Daniels made one other solid move prior to that pair, shipping Lofton back to Cleveland for another catching prospect, Max Ramirez. Thanks to a refined approach, the 22-year-old is hitting .306/.420/.500 in High-A, but his defense is suspect, he's undersized (5-foot-11, 170 lbs), and he joins a farm system already stocked with the highly-regarded Taylor Teagarden behind the plate. A shift likely looms, though a bat of his caliber won't go to waste.

These moves won't turn the Rangers' 2007 around, but they've gone a long way toward restocking a system whose minor league talent ranked among the game's bottom ten. For doing that, Daniels may just have earned his extension.
The Gagne move was a big one around these parts, even bigger than the Scott Proctor/Wilson Betemit move that had me gnashing my teeth in disgust for both of my teams. In talking to Steven Goldman last night, the bearded one offered an interesting take that he replicates in today's Sun: the Gagne move actually helps the Yankees because it prevented him from going to the Tigers or Indians, since it's more likely the Yanks are challenging for the Wild Card instead of the division:
...the Yankees are in the wild card business, the Red Sox are on their victory lap, and the two aren't in any kind of direct competition except when they're playing head-to-head, something that happens just six more times this season. The Yankees can worry about what should be a deadly back end of the bullpen for Boston with Gagne, Hideki Okajima, and Jon Papelbon when and if they make the postseason and have to play them.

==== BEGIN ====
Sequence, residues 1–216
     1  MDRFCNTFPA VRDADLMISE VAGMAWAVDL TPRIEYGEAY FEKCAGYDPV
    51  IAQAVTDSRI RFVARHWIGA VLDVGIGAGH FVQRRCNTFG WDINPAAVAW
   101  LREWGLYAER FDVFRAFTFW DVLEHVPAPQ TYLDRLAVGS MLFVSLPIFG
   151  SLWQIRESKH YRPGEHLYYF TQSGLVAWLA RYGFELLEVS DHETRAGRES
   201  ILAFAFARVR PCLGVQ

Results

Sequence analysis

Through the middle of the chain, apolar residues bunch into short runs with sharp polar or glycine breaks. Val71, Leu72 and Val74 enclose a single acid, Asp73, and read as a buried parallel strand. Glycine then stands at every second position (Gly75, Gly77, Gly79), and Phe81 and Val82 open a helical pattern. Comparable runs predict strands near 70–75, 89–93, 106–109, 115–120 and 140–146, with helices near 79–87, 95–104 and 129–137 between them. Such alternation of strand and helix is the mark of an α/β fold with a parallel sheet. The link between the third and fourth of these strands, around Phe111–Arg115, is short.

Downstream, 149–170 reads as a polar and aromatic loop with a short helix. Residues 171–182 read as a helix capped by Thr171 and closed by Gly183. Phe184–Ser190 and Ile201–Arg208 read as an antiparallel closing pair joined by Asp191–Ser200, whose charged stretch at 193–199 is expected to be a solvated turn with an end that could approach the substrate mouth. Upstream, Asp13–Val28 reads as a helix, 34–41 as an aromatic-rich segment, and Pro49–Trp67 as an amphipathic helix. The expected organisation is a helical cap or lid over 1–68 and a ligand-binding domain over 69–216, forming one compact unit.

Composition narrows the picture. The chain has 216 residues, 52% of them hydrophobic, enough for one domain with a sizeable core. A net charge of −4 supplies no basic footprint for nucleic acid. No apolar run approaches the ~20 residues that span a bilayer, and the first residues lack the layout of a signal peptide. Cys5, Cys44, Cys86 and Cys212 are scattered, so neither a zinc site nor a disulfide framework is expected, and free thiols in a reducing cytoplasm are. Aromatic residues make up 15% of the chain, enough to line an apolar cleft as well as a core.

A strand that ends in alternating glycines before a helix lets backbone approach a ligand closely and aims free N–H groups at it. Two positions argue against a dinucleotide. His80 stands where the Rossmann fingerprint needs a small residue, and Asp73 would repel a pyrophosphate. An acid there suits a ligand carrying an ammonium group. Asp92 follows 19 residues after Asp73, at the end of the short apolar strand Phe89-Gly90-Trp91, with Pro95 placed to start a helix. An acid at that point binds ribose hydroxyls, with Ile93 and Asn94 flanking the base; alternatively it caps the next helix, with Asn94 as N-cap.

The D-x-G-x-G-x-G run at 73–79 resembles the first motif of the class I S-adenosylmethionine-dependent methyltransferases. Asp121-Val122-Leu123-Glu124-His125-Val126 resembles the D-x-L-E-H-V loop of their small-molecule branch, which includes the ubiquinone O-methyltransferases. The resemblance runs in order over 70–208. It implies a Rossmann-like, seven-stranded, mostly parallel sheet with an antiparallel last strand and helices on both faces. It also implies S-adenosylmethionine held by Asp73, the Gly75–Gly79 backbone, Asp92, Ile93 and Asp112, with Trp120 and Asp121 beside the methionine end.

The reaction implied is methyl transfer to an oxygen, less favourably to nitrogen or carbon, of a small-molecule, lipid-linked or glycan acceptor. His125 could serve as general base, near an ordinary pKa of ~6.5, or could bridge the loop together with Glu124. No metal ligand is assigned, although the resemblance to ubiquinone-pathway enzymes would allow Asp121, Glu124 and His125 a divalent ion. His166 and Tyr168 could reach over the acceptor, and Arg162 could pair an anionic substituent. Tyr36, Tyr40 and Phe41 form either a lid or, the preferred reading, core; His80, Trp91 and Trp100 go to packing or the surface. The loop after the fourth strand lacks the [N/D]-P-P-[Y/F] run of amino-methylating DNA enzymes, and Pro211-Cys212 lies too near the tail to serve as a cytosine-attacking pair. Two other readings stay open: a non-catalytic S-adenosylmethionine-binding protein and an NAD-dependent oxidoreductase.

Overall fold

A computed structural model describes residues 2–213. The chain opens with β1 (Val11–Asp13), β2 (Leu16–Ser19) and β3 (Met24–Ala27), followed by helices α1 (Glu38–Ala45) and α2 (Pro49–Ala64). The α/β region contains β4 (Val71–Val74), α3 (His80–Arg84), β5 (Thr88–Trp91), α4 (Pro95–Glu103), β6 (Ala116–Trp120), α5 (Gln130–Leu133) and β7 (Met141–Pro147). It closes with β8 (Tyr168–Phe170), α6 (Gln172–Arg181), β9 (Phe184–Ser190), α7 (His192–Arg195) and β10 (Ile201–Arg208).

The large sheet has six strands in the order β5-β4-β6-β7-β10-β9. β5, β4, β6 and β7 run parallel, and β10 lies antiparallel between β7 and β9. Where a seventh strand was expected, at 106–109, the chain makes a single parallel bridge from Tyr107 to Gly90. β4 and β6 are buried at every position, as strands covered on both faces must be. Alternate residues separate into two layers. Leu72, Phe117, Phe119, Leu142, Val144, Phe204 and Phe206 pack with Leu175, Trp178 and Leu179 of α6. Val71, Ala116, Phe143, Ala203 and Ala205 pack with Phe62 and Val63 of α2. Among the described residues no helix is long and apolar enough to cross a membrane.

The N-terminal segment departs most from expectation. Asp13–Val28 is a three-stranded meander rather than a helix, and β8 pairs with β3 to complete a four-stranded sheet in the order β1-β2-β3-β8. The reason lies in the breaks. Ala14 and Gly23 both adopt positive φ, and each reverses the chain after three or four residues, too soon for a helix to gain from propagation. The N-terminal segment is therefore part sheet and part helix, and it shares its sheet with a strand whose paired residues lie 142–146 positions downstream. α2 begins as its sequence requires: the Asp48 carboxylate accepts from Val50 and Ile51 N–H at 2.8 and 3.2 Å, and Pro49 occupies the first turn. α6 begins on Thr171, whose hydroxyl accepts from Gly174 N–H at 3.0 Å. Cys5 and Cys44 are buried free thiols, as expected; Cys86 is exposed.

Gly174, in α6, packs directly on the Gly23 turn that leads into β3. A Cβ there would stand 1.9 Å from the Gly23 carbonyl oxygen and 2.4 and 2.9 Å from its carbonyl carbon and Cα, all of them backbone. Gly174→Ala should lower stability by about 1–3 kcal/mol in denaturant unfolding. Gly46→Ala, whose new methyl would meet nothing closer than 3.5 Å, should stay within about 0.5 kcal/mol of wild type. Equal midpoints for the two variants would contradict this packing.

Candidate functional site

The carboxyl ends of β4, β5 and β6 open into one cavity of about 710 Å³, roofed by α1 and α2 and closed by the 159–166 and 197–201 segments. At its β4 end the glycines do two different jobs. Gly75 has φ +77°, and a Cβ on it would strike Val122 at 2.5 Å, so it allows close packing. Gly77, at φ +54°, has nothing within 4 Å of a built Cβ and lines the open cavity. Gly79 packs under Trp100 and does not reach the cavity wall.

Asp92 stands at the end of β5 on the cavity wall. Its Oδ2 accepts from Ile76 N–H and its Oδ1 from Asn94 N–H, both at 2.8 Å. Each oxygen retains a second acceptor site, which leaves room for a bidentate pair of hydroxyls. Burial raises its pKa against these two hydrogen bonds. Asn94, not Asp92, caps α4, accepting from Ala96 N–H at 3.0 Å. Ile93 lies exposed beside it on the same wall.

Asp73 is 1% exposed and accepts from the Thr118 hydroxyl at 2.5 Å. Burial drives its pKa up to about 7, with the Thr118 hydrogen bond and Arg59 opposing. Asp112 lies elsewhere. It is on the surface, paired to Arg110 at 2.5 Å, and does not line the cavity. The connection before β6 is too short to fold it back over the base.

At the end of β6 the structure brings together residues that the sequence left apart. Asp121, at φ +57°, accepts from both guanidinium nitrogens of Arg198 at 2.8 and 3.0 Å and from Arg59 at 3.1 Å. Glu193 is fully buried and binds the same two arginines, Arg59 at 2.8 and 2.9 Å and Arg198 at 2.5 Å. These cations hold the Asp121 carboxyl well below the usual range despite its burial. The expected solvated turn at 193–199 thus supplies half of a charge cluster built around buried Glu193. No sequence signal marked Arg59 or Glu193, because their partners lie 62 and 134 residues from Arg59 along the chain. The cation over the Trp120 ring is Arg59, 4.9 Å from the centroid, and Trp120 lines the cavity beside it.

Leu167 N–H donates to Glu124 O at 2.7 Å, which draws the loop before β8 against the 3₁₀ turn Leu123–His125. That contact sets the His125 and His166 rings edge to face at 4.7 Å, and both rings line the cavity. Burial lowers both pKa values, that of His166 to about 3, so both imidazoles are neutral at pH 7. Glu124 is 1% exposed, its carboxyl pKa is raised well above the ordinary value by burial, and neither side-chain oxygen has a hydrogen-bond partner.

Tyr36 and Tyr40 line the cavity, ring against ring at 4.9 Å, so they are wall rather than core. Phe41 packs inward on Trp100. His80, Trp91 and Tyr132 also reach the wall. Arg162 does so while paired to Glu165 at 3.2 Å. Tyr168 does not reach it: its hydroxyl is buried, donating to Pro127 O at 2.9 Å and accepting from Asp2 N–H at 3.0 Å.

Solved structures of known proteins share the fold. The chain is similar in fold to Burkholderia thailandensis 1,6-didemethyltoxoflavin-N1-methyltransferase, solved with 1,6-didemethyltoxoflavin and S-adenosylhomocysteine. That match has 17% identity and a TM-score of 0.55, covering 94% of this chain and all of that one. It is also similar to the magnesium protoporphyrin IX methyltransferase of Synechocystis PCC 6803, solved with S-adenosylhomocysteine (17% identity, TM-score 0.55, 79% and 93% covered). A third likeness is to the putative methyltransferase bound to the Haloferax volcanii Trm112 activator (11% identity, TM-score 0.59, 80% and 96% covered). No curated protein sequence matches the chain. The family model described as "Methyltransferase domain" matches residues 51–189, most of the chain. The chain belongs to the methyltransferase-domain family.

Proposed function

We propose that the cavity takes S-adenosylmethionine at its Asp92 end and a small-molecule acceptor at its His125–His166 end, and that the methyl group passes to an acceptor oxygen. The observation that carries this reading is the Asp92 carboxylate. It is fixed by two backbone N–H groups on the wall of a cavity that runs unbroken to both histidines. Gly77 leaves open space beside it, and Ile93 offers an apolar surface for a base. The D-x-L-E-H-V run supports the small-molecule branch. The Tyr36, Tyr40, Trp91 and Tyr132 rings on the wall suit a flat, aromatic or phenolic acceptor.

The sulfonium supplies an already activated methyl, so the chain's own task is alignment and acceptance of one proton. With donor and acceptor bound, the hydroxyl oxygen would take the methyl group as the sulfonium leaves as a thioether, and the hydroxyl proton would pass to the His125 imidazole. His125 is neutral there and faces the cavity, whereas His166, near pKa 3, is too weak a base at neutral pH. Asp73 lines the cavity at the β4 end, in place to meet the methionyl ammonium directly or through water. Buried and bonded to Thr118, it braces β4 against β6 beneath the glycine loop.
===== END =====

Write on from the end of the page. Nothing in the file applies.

Until then, Theo Epstein and pals have given the Yankees a huge break. The Yankees are competing with the Indians for the wild card, and the Tigers could be in the mix should the Indians pass them for the AL Central lead. Even if they don't, the Yankees have eight games remaining with the Tigers and three with the Indians, which is to say that the Yankees will be spending 20% of their remaining time in 2007 playing exactly who they need to be playing. Both of those teams, particularly the Tigers, have had problems in the bullpen. When the Red Sox stepped up to the plate on Gagne, they prevented the Yankees' real rivals from getting an upgrade they desperately needed.

...For either of these clubs, acquiring Gagne would have been a season-altering event. After 105 games, the two teams are one game apart. In broad terms, they are equals. The reasons for their record may differ, but neither is the superior of the other. Had either team improved their bullpen, the stalemate might have been broken. For the Yankees, who need both teams to be weak, that would have been disastrous.
As for the Proctor deal, the interesting point is the Yanks' avoidance of the relievers on the market in favor of a plan to promote heat-throwing Double-A prospect Joba Chamberlain and perhaps also Ross Ohlendorf (acquired in the Randy Johnson deal): "There are certain guys in my system right now that I have people telling me could replace Scott Proctor," GM Brian Cashman told the New York Times. "And if that’s the case, that’s what made me consider the opportunity for Wilson Betemit. We have needs, there’s no doubt about that. But there’s a belief that some of those needs might very well be met from within."

Betemit, as I pointed out in the Hit and Run, got the screw job from the Dodgers; batting average aside, he's been a much more productive hitter than Nomar Garciaparra, though the latter's timely hitting with runners in scoring position has given him the "clutch" tag. While Betemit's versatility and ability to come off the bench are assets sorely missing on the current Yankee roster, I don't particularly trust Joe Torre to integrate him into the mix. And for all the sense it makes to have Betemit as a fallback option in case Alex Rodriguez departs, if the Dodgers didn't see it then the Yankees certainly won't; they'll be under far too much pressure to Do Something Big if A-Rod leaves and will have to get a Name Player there, even if said Name Player is actually more expensive and less productive.

Anyway, I've got plenty more to say on the topic of the deadline, but I've got to bang on the Hit List for a few hours before I head to Yankee Stadium to boo what's left of the ever-charming Kyle Farnsworth. Five 1-2-3 innings this year in 45 appearances -- not to mention working back-to-back days just five times as well -- and he's complaining? Grab drink, dude.